Frank J. MORRIS, Appellant, v. UNEMPLOYMENT INSURANCE APPEALS BOARD, Respondent.
Appellant petitioned the Superior Court for a writ of mandate (Code Civ.Proc., s 1094.5) directing respondent to grant his claim for unemployment insurance benefits. The trial judge denied the writ, made certain findings of fact and conclusions of law, and judgment was entered accordingly. Appellant appeals.
There is no dispute as to the facts surrounding the acts which preceded appellant's claim. On or about March 25, 1970 while in the employ of the United States Postal Service, an agency of the United States Government, appellant received a Notice of Proposed Adverse Action from his employer charging (1) that appellant had threatened to do bodily harm to supervisors, and (2) that appellant had engaged in conduct unbecoming a public employee. The Notice of Proposed Adverse Action contained both a proposal that appellant be removed and a proposal that he be emergently suspended. Appellant replied to the notice and subsequently received a written decision from the director, San Francisco Postal Region, informing him that both proposals had been approved. Appellant appealed the decision to the Assistant Postmaster General, Operations Department, who sustained the decision. Appellant appealed this decision to the Board of Appeals and Review of the United States Postal Service. That board found that there was sufficient evidence to support the allegation contained in charge (1); however, charge (2) was not sustained. The board also indicated that removal of appellant from the Postal Service was a corrective action of unnecessary severity and cancelled the removal action, substituting a suspension without pay, to commence the same day that the removal action would have taken effect.1 The board also upheld the emergency suspension meted out to appellant.
Appellant thereafter filed a claim for unemployment compensation benefits with the Department of Human Resources Development (hereinafter, the department). The department received federal findings as to the reasons for appellant's suspension from the Postal Service and on the basis of those findings, it denied the claim. Appellant filed an appeal and the matter came on for a hearing before a referee of respondent. The referee rendered a written decision holding that appellant was disqualified for benefits under California Unemployment Insurance Code section 1256, on the ground that appellant's conduct constituted a voluntary leaving of work without good cause. Appellant then appealed to the Unemployment Insurance Appeals Board, which affirmed the referee's decision. Appellant sought mandamus in the superior court, and after independently reviewing the administrative record the court concluded that the weight of the evidence supported the Unemployment Appeals Board decision. In its conclusions of law, the court did disagree with the appeals board's conclusion that appellant had voluntarily left his place of last employ without good cause. The trial court concluded that the evidence supported the legal conclusion that appellant's actions of threatening bodily harm to his supervisors constituted ‘misconduct’ within the scope of section 1256 of the Unemployment Insurance Code, and that appellant's resulting suspension from work constituted a discharge for misconduct within the scope of the above section. We agree.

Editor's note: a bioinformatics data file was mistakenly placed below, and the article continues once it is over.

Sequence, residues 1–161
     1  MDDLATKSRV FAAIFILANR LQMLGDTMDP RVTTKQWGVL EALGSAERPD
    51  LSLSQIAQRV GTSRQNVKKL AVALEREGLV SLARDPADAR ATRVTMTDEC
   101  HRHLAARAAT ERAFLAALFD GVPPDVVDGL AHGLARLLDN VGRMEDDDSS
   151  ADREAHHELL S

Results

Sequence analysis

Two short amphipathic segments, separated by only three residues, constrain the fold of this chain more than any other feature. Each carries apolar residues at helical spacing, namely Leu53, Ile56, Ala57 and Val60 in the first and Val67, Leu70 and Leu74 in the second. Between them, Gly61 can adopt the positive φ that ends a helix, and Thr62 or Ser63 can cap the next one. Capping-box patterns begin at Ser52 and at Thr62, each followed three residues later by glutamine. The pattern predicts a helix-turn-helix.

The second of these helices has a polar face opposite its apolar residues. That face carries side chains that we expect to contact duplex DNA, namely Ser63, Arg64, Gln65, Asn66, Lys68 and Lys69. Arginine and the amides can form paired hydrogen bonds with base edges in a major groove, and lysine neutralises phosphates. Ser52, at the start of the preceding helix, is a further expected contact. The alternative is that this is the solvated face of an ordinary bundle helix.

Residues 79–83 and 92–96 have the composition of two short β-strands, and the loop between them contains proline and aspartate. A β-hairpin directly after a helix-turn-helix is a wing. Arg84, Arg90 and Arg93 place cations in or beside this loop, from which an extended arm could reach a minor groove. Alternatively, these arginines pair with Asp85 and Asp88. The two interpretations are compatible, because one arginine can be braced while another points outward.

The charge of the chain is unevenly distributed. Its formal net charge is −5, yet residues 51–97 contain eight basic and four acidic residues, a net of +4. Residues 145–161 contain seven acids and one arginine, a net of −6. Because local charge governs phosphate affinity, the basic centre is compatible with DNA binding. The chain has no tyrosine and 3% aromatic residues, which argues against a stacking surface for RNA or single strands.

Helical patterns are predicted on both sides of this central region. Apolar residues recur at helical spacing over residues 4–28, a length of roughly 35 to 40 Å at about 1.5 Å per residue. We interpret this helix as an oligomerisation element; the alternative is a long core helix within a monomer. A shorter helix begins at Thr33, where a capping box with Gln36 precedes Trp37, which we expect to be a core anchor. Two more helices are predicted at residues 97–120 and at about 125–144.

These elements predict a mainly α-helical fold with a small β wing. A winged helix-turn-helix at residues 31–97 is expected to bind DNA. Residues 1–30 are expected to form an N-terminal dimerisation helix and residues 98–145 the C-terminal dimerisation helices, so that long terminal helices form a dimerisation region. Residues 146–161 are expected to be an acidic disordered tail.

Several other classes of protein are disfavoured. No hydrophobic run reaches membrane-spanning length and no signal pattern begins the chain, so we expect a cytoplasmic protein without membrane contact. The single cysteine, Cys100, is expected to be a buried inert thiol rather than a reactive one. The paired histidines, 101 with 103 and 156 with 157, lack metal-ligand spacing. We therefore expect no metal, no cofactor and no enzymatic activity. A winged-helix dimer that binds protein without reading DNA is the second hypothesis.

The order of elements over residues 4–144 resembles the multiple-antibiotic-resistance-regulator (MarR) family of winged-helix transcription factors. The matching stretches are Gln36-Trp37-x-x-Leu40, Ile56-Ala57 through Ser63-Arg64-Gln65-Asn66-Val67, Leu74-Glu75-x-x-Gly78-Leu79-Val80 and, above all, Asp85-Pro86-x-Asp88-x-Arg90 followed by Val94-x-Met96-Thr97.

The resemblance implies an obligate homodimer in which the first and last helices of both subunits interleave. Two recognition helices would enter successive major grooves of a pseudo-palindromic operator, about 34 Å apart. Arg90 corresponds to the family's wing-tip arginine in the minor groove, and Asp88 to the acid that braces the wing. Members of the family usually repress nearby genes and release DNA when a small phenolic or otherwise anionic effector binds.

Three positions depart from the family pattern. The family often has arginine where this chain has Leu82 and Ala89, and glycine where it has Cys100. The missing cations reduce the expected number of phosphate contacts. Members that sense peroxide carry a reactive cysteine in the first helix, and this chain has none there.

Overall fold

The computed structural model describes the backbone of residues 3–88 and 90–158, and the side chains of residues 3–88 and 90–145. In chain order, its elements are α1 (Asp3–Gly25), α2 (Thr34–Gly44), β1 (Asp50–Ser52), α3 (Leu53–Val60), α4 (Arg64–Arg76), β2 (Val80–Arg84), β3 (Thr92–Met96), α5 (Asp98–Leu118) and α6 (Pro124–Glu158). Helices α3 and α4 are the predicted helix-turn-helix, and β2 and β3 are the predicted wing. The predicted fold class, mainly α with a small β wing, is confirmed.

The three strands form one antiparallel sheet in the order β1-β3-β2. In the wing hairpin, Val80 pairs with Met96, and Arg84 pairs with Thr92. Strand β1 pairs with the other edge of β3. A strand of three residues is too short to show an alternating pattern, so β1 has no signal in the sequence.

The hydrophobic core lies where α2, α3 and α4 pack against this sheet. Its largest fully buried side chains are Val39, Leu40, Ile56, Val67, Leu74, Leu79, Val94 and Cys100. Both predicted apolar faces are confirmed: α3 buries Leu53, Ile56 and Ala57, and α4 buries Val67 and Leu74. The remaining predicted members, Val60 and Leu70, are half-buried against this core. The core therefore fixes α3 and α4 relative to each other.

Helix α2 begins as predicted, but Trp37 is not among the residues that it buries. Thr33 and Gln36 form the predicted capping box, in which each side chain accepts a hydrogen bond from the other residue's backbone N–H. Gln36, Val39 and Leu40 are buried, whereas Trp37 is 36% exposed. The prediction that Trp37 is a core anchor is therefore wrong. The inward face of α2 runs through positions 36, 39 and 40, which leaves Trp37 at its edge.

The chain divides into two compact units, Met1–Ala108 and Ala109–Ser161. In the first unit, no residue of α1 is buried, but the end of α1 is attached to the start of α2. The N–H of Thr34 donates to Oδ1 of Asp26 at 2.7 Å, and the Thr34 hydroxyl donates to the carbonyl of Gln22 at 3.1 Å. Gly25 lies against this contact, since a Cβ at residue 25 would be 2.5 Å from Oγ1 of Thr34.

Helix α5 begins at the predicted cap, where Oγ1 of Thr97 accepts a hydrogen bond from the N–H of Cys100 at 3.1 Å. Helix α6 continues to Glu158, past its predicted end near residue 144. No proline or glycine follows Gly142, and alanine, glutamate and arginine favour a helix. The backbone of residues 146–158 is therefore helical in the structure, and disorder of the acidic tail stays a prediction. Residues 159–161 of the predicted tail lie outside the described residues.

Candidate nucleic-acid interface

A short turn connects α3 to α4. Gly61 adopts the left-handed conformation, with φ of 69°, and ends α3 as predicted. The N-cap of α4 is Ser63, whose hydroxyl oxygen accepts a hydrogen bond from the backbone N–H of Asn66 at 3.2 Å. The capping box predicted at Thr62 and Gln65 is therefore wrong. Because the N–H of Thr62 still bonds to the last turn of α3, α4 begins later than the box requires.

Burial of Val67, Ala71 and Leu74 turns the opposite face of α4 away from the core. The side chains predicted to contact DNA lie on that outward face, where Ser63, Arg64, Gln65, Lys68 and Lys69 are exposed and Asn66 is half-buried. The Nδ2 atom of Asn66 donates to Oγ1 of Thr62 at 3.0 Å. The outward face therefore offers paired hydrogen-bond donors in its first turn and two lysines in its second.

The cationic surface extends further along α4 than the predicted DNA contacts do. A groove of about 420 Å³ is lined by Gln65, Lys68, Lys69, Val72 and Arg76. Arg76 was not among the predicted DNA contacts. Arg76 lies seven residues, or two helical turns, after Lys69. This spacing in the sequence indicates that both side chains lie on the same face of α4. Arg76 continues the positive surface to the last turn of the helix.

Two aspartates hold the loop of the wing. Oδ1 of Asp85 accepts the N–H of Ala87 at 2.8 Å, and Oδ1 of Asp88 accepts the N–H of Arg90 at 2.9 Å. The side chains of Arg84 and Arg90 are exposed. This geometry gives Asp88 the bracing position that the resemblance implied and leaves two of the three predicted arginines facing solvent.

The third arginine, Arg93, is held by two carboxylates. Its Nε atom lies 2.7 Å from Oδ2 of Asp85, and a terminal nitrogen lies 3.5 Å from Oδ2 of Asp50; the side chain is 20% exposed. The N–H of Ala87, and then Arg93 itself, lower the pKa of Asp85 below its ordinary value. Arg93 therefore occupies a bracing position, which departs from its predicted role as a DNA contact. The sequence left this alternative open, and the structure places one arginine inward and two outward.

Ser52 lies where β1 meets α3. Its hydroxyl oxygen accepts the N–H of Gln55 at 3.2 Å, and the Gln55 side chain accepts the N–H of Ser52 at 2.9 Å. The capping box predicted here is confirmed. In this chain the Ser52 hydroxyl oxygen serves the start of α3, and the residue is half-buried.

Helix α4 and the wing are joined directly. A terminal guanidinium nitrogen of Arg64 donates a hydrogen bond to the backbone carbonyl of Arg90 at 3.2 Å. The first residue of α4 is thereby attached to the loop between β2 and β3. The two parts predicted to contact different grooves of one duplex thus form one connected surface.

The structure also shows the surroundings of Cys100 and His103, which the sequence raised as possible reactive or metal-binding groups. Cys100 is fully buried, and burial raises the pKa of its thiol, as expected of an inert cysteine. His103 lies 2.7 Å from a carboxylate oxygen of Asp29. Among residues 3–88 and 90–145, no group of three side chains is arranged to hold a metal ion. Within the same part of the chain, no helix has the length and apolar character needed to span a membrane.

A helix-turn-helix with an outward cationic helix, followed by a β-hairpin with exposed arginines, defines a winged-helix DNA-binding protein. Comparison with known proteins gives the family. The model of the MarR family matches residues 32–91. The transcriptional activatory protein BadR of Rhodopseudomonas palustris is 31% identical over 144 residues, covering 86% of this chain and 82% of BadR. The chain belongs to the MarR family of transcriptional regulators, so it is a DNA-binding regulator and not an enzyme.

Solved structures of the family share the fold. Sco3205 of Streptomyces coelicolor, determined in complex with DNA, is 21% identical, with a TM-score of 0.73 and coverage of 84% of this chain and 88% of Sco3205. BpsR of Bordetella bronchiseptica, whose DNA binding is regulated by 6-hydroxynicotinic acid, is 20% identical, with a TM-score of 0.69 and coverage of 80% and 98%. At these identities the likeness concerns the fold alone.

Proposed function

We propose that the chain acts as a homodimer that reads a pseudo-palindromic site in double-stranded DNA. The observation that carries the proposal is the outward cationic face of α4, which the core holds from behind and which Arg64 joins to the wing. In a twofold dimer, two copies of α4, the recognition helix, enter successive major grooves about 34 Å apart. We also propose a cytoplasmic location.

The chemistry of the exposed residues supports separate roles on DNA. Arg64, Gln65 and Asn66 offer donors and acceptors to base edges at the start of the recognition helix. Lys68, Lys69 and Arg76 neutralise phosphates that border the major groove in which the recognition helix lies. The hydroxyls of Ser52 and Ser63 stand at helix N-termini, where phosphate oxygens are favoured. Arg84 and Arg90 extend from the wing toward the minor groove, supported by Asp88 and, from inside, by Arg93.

Appellant contends that the trial court erred prejudicially by (1) affirming respondent's decision denying benefits on the ground of ‘discharge for misconduct,’ whereas respondent had denied benefits on the ground of ‘voluntary leaving’; (2) finding that appellant suspension constituted a ‘discharge for misconduct’; (3) not disposing of appellant's claim for benefits for the period of June 5, 1970 through October 10, 1970; and (4) not holding that the initial emergency suspension was invalid because it was not based upon any hearing, in violation of appellant's right to due process of the law.